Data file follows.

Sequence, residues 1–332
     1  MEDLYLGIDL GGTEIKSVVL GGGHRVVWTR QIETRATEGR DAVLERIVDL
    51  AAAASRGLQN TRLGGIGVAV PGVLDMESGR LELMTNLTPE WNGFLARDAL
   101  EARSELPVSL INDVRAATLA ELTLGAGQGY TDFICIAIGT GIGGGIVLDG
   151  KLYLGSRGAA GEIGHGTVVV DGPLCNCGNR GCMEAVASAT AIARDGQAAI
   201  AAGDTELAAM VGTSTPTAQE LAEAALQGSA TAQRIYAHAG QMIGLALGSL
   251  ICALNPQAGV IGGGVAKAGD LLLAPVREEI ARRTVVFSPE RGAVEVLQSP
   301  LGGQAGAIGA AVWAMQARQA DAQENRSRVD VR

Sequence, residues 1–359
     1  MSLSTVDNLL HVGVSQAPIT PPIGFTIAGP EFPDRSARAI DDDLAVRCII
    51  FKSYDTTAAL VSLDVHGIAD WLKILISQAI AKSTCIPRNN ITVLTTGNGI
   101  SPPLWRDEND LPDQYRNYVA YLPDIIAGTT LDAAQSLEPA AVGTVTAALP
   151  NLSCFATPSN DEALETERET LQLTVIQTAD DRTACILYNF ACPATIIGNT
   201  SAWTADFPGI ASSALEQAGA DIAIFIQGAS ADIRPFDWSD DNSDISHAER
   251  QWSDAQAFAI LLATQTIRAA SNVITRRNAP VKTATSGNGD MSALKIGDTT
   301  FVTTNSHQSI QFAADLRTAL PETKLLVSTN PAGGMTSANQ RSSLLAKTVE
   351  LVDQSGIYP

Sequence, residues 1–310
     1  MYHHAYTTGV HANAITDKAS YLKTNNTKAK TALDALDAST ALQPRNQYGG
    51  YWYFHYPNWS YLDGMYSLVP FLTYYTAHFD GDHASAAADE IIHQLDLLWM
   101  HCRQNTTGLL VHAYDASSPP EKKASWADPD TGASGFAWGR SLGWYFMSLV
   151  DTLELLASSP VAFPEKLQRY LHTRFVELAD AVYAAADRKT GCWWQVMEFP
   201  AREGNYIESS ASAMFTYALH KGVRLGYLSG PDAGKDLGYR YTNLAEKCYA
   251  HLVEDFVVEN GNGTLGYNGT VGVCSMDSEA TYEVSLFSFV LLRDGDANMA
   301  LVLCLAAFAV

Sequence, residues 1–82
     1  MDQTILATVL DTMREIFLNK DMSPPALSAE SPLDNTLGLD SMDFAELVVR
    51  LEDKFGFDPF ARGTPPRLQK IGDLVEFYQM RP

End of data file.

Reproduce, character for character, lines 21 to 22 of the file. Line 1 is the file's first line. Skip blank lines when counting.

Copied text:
   101  HCRQNTTGLL VHAYDASSPP EKKASWADPD TGASGFAWGR SLGWYFMSLV
   151  DTLELLASSP VAFPEKLQRY LHTRFVELAD AVYAAADRKT GCWWQVMEFP